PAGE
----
I keep having the same exchange with my seriously Catholic friends whenever Pope Francis comes up in conversation. It goes something like this: we were enthused about the initial days of the election (he was saying things about evangelization that needed saying, he encouraged us to get out of “mindset ruts” and bring the gospel to the peripheries since the periphery dwellers aren’t knocking on the church door) and then….something happened to the enthusiasm.
Troubling things were said during airplane interviews (which have become more frequent), homilies began to sound more and more political, then official documents began to contain ambiguities and it became increasingly hard to domesticate the problem by blaming “the media” for “misquoting the Pope again.”
Enter Philip Lawler. Lawler is known for his incisive, non-nonsense journalism. But Lawler is no muck-raking, ax-grinding ideologue. His work epitomizes the term, “seasoned veteran.” He was the first layman to edit The Pilot, the official newspaper of the Archdiocese of Boston; he’s a Harvard alumnus and has covered Catholic affairs for 30 years. The year Pope Francis was elected, Lawler co-wrote a warm tribute book to the new Pontiff, A Call to Serve: Pope Francis and the Catholic Future.
That was five years back.
A number of years ago, he wrote a book about a difficult topic—what happened to the Catholic Church in Boston before and after the 2002 scandals exploded—titled The Faithful Departed: The Collapse of Boston’s Catholic Culture.
He has a new book on an even more difficult topic: an extended attempt at contextualizing and understanding the doctrinal confusions have seeped into the way in which Pope Francis leads, teaches, promotes, and demotes. How to discuss them without disrespecting the person and the office of the Sovereign Pontiff? Of course, there are plenty of “rad Trads” who despise Pope Francis and have devoted themselves to attacking him since his election on March 13, 2013. That’s both unfortunate and predictable, since Pope Francis’s three predecessors didn’t pass muster with the (mercifully small) clique of anti-Vatican II activists, either.
Lost Shepherd: How Pope Francis Is Misleading His Flock http://amzn.to/2tpGS6D, despite its provocative title, is a well-researched account of a papacy that, five years after it began, has untold numbers of orthodox Catholics scratching their heads.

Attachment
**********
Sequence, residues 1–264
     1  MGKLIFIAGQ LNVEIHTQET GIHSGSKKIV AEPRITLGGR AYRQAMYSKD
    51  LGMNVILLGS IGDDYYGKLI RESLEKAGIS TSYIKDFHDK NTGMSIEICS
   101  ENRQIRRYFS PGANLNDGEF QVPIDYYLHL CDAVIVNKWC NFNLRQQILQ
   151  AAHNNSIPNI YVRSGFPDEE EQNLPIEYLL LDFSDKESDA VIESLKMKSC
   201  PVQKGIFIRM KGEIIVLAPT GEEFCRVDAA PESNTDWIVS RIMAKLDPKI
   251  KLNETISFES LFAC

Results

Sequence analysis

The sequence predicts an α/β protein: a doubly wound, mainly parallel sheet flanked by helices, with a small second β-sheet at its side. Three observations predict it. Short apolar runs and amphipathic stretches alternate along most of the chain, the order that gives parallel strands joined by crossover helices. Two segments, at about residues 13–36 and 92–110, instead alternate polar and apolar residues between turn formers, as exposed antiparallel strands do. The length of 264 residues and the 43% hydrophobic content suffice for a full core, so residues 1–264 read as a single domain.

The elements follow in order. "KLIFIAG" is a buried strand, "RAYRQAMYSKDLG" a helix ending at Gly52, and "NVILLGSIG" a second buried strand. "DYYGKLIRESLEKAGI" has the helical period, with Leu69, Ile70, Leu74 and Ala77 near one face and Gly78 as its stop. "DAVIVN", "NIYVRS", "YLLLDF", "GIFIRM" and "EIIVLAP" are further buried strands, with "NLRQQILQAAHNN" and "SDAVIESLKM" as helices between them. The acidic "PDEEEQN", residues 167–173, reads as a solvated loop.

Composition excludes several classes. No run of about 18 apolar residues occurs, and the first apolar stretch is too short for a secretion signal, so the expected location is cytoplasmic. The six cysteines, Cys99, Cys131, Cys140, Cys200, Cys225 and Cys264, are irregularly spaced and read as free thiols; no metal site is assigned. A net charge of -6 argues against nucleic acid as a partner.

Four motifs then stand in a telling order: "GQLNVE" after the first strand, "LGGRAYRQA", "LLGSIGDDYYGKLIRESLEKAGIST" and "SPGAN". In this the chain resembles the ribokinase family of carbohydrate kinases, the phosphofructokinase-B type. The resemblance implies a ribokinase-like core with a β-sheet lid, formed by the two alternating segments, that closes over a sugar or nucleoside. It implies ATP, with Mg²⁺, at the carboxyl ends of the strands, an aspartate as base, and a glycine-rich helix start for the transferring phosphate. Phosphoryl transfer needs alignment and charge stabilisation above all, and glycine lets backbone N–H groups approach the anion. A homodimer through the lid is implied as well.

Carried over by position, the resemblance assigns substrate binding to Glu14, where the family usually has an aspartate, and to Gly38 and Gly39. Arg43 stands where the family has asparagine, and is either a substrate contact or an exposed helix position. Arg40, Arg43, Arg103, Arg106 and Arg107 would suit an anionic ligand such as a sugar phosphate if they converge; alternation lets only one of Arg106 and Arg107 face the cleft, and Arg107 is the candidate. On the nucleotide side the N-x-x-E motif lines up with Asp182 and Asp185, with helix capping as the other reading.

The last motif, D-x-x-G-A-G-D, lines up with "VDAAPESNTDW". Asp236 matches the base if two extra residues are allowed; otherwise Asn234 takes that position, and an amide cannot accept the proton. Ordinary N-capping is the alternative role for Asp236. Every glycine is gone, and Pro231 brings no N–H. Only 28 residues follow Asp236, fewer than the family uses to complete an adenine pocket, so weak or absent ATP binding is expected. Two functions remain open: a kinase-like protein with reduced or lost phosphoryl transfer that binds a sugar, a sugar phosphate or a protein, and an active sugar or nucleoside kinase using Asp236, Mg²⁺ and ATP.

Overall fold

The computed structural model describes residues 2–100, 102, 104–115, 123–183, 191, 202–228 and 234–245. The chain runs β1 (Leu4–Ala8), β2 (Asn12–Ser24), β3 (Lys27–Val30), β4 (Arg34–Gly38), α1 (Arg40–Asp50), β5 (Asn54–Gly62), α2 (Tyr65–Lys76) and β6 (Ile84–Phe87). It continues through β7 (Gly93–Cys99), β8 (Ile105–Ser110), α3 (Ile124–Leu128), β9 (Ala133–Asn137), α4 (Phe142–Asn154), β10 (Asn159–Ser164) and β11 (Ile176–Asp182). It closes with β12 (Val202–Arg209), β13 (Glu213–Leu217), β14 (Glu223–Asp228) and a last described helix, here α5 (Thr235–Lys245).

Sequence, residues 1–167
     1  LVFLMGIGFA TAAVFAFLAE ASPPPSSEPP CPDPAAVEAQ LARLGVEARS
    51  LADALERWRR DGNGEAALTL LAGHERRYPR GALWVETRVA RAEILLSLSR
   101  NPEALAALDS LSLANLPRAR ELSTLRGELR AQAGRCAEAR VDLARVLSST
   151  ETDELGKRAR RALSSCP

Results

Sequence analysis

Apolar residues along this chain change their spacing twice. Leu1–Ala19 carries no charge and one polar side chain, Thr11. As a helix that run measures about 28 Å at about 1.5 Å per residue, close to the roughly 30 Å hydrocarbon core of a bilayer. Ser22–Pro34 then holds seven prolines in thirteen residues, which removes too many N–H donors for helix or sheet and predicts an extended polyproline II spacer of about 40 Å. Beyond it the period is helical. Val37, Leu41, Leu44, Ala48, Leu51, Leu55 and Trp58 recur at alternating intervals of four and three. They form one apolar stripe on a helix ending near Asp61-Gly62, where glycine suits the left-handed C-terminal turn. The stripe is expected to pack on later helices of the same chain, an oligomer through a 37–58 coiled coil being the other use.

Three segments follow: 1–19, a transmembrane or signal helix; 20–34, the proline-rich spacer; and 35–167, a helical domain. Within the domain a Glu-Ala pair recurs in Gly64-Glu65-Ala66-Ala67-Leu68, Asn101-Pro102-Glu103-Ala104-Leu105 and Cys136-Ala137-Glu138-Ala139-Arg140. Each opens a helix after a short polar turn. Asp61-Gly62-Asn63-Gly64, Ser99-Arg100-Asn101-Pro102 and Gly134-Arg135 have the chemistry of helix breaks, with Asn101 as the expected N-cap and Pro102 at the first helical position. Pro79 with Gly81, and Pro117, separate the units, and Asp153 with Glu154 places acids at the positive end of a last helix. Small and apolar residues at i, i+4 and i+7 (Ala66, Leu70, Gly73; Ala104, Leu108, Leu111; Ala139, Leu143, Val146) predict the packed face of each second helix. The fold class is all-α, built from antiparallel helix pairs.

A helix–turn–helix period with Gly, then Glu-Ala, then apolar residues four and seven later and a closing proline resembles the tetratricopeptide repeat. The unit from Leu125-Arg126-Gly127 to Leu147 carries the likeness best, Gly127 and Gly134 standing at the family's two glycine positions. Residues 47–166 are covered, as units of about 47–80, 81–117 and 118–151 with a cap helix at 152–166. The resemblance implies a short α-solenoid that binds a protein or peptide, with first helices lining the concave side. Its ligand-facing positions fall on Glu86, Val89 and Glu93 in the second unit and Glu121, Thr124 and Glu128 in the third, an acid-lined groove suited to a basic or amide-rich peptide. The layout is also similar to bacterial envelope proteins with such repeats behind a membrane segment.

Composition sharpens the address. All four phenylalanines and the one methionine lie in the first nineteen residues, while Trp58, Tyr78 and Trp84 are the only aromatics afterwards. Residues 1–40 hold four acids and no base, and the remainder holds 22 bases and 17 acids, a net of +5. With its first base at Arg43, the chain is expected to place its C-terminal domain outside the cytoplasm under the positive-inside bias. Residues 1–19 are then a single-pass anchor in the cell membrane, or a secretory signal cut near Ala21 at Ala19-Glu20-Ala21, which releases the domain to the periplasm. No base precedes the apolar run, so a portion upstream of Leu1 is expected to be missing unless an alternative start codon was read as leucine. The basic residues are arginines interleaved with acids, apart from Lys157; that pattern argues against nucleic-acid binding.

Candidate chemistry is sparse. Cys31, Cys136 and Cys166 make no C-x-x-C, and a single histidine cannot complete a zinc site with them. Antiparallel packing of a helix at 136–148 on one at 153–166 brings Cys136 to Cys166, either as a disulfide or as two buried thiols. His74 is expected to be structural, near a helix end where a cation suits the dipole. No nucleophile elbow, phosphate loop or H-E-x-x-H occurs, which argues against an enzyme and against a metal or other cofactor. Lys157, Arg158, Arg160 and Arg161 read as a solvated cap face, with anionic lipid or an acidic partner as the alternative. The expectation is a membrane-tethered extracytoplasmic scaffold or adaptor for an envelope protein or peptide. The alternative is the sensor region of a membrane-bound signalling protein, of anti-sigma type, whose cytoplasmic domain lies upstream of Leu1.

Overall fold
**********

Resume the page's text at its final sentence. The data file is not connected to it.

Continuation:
In case you’re wondering, no, Lawler is not accusing the Pope of heresy nor does he think the Holy Father is an anti-pope. Like all serious Catholics, he prays daily for the pope and earnestly wants him to succeed as a teacher and spiritual leader. It’s not a book Lawler even wanted to write.
A recent Pew Center poll, reflect a troubling drop in favorability among Catholics polled since he was first elected. Not that the barque of Peter is sinking, at least not yet, but the winds have gotten stiffer and the waves bigger. Seems to be more like rudder damage.
A Change in Catholic Media
In the past few months, there has been a sea change in Catholic media regarding coverage of the Pope’s personnel decisions and the ambiguities within certain documents such as, perhaps the highest-profile example, the Apostolic Exhortation Amoris Laetitia, (“The Joy of Love”) the fruit of a seemingly rigged Synod.
The sense of unease is growing, and despite the lingering fear to even bring it up, mainstream outlets in the Catholic media world, from EWTN to the UK’s Catholic Herald, Catholic World Report, The Catholic Thing, and others have begun to speak up about this with greater boldness. As long as the tone and content is respectful, Catholics have the right and duty under Canon 212.3 to speak honestly about matters of leadership involving the good of the Church.
Interestingly, Catholics almost relish castigating popes of the past (start the list with the Borgia and Medici Popes) as “scoundrels” or worse. This is done to emphasize that the Holy Spirit protects the universal Church in a particular way through the office of the Successor of Peter, who is protected against teaching something contrary to faith and morals.
Today, there is an unhealthy papalolatry in the air that takes the form of a taboo against saying even mildly critical things about what a modern pope has said or done, things, of course, that don’t rise to the level of infallibility. A kind of ultramontane loyalty is attached to everything a pope does no matter how troublesome or controversial. You don’t have to agree with all of Lawler’s interpretations or conclusions to see.